Microsoft’s onetime Chief Privacy Advisor, Caspar Bowden, has come out with a vote of no-confidence in the company’s long-term privacy measures and ability or interest to secure user data in the wake of the NSA’s PRISM program. From 2002 – 2011, Bowden was in charge of privacy at Microsoft, and oversaw the company’s efforts in that area in more than 40 countries, but claims to have been unaware of the PRISM program’s existence while he worked at the company. In the two years since leaving Microsoft, Bowden has ceased carrying a cell phone and become a staunch open source user, claiming that he no longer trusts a program unless he can see the source.
“The public now has to think about the fact that anybody in public life, or person in a position of influence in government, business or bureaucracy, now is thinking about what the NSA knows about them. So how can we trust that the decisions that they make are objective and that they aren’t changing the decisions that they make to protect their career? That strikes at any system of representative government.”
As Bowden goes on to point out, if you aren’t a US citizen, you have no protection whatsoever from PRISM.
This is a point that has real potential consequences for any international company. The NSA claims that there are protections that keep the data of ordinary US citizens out of abusive hands, and that we should trust them with this information. Some people agree with that. Some people don’t. But what no one disagrees with is the fact that foreign companies, governments, and citizens have no protections of any kind. To the contrary, some of the NSA’s documentation explicitly plays up the fact that huge amounts of foreign traffic travels through the United States on a regular basis.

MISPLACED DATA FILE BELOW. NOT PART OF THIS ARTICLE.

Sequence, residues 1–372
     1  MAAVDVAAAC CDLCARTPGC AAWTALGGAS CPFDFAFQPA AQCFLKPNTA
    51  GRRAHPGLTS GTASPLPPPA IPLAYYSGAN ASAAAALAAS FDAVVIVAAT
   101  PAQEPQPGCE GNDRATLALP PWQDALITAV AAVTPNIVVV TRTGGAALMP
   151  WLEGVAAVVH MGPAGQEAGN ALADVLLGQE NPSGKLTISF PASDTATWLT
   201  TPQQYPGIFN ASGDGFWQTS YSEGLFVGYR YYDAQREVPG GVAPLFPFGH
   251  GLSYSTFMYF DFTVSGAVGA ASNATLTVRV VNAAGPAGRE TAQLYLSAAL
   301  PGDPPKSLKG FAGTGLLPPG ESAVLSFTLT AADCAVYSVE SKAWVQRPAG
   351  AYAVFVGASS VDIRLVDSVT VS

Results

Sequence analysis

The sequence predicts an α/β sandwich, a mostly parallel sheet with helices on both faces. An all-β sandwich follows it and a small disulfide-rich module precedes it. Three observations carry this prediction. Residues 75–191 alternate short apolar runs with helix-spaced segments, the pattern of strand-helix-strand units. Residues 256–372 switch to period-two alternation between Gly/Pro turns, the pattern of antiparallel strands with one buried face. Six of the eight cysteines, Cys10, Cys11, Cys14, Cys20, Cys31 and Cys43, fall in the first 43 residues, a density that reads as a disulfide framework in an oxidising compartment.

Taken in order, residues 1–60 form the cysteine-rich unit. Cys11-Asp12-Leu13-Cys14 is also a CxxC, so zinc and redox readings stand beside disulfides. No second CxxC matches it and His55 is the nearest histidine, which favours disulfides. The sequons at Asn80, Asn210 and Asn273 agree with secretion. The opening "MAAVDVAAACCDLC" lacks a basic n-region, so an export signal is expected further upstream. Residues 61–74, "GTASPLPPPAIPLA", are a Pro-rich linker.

Much of the NSA’s work is devoted to snooping on this foreign traffic to monitor and record what various groups are up to. And these groups have no protection whatsoever under US law. The bigger problem here is that due to the way the Internet routes traffic, there’s no guarantee that a message from Point to Point B doesn’t travel over US networks. Obviously that’s not going to happen if you’re sending data from one small town to another in Europe, but a message from, say, Brazil to Canada almost certainly passes through the United States. A message from South or Central America to Europe or China? Same deal.
This is a fundamental problem for nations that aren’t interested in exposing their traffic to American observation, whether they’re engaged in nefarious activities or not. Long term, the problem could lead to the construction of digital firewalls, in which the United States is effectively isolated behind protective nodes built by local governments to scrub and redirect traffic away from potential capture points. This is directly in opposition to the central concept of the Internet, which is a dynamic structure capable of responding to outages or damage by routing around the problem.
Traffic flows, however, can be rerouted.
It’s not that Microsoft is unique, here. In fact, the situation would be simpler to solve if they were. The problem is that the access the NSA has crafted for itself applies to all companies equally. Microsoft, Yahoo, Google, Apple — your data is as secure as the NSA decides it is, and not one jot more.